Friday, June 04, 2004

Dallas Fort Worth Star Telegram on the Desi Influence in the U.S.

DFW Star Telegram on the Desi Influence in Pop-Culture

I may be a little late on this (the story is from 5/29), but a broken toshiba laptop and no internet means late and slow blogging. Anyway, this story from the Dallas-Fort Worth Star-Telegram is just another in a string of articles suggesting the rising influence of Desi culture on mainstream American culture. Here are some highlights:

"The culture and the faces of South Asia -- India, Pakistan, Sri Lanka, Bangladesh and Nepal -- are making their way into the spotlight, putting an ethnic group that had been largely invisible front and center.

Bollywood, that indisputably Indian style of cinema featuring lavish musical numbers, is the focus of two major productions: Andrew Lloyd Webber's Bombay Dreams, which just opened on Broadway, and the upcoming film Bride and Prejudice, a relocation of Jane Austen to the Indian subcontinent by director Gurinder Chadha (Bend It Like Beckham). At the other end of the cinematic scale, one of the most noted young directors is Indian-American M. Night Shyamalan (Signs and The Sixth Sense), whose latest thriller, The Village, opens in July.

On prime-time TV, where Asians overall still have not made much impact, two South Asians -- Ravi Kapoor (Crossing Jordan) and Parminder Nagra (ER) -- are featured co-stars.

In dance and world music, the synthesis of ancient South Asian grooves and contemporary electronica is creating a stylish subgenre, while hip-hop stars from Jay-Z to Missy Elliott have played around with Indian textures. Though her music bears no clue to her ethnic roots, singer Norah Jones, the daughter of famed sitar player Ravi Shankar, has had two bestselling albums with Come Away With Me and Feels Like Home.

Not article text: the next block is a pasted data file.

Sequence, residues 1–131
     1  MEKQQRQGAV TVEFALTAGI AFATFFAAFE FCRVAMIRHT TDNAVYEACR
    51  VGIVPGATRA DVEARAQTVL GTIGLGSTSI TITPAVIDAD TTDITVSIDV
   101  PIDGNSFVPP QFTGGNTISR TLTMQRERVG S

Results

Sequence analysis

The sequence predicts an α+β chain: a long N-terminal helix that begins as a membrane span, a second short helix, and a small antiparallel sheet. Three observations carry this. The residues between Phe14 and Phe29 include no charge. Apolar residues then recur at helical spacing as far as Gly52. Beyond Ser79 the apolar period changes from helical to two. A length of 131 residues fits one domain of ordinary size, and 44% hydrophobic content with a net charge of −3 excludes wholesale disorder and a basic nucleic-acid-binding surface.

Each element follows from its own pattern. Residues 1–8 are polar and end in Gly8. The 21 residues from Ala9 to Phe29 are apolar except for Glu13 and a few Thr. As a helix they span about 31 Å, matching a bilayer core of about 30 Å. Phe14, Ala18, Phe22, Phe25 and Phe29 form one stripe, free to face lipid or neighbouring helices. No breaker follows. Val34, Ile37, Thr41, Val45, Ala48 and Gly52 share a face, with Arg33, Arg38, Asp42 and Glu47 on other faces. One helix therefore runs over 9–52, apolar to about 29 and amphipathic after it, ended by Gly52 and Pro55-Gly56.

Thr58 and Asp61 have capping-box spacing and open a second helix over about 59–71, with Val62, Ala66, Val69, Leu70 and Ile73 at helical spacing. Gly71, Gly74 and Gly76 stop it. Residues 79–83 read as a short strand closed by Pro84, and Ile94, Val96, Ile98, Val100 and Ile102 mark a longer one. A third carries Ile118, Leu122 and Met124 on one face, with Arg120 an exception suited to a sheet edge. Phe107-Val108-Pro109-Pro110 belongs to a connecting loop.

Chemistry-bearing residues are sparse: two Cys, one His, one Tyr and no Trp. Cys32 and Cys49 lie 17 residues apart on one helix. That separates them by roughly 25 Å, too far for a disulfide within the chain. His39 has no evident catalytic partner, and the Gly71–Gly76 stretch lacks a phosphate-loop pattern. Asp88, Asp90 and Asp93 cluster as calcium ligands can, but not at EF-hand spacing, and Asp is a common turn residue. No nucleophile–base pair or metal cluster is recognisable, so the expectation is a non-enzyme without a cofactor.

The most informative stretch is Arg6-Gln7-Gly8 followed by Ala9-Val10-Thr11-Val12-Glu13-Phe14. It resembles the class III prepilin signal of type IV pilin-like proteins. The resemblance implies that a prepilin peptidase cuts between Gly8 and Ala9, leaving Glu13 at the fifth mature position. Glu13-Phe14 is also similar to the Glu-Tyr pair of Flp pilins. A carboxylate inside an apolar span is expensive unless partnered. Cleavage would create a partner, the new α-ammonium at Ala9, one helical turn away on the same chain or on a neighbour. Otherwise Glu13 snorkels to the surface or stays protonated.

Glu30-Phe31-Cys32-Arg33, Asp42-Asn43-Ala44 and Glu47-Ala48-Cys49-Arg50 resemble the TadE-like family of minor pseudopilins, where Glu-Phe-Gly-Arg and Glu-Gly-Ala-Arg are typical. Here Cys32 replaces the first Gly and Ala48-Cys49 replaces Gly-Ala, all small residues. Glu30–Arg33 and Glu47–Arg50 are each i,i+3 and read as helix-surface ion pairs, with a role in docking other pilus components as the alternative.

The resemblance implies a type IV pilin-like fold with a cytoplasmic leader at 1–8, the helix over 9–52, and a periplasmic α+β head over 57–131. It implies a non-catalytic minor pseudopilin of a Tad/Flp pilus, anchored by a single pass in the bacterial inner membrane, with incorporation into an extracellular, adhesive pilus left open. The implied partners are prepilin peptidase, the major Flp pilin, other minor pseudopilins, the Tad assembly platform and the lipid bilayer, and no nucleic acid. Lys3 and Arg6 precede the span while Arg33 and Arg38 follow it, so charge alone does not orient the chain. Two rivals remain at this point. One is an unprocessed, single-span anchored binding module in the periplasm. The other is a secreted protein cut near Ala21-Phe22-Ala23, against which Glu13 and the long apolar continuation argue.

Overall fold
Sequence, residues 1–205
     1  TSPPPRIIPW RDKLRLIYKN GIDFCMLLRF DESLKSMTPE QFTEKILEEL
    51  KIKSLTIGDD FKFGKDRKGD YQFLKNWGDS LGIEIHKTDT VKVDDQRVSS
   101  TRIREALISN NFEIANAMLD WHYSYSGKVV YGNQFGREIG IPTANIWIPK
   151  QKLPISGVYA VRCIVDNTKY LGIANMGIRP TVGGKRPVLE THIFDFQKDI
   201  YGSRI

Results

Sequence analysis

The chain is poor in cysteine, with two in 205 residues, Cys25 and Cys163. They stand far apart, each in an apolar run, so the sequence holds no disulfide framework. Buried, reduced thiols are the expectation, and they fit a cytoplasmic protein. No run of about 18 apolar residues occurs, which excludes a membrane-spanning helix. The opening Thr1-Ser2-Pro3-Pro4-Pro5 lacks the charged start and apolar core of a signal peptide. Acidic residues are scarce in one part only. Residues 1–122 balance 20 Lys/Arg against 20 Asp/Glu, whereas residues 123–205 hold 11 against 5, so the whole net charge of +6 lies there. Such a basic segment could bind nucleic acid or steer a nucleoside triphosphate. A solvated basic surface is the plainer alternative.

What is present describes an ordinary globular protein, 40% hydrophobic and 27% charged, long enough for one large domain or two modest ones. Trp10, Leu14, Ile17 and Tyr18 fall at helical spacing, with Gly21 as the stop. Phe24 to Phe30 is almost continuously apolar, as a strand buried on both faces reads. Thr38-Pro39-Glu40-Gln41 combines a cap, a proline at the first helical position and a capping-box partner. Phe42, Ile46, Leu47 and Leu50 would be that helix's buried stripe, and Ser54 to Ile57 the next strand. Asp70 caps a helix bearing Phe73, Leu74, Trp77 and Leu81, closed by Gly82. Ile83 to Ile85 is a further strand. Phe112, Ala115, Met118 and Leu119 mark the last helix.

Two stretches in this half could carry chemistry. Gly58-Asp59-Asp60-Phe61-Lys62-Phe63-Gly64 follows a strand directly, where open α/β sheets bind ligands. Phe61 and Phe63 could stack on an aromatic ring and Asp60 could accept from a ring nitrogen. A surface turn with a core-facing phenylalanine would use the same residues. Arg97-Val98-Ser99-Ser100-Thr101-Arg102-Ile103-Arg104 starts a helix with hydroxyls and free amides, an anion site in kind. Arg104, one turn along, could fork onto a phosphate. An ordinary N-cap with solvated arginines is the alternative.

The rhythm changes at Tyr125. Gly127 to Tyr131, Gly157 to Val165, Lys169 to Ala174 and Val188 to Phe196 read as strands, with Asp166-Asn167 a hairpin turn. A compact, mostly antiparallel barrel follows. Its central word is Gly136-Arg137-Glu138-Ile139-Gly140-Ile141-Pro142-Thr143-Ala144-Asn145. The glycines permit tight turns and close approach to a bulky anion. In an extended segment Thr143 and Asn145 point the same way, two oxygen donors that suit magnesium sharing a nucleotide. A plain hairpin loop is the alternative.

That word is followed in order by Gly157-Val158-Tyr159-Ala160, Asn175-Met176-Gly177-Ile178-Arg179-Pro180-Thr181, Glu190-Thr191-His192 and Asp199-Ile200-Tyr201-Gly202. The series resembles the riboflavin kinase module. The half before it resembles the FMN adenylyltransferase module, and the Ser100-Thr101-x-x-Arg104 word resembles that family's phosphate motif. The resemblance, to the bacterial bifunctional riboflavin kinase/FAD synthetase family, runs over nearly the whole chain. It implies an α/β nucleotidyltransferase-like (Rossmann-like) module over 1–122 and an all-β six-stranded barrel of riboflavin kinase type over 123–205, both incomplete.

But it's not just in pop culture that South Asians are making their mark. Novelist Jhumpa Lahiri (Interpreter of Maladies, The Namesake) and multimedia artist Shahzia Sikander have received glowing reviews for their work. In sports, Vijay Singh is one of golf's top players. In the field of politics, Bobby Jindal almost became Louisiana's governor last year, and now he's aiming for Congress.

Indian-Americans' dominance in high-tech and science jobs, combined with their relative affluence -- the Census Bureau says that though the national median family income is $38,885, it's more than $60,000 for Indian-American families -- creates a profile that could heighten respect and influence for the community of 2 million.

"The last few years, I've noticed a shift," says often-controversial cultural commentator Dinesh D'Souza, who immigrated from India in 1979 and whose books include The End of Racism and What's So Great About America. "I see more running or thinking of running for office, and Indians are succeeding in fields you didn't see before. . . . Years ago, I gave a talk at an [Indian] conference and one family said their son was in the ROTC. The other families asked why, because Indians at the time didn't feel that America is their country. That's changing, and you're likely to see more Indians in politics and the military."

Click here to read the full story--and here for the slideshow which accompanies the article. If you scroll down to the bottom, the Star-Telegram has listed another whose who of desis in the States.


Post a Comment

<< Home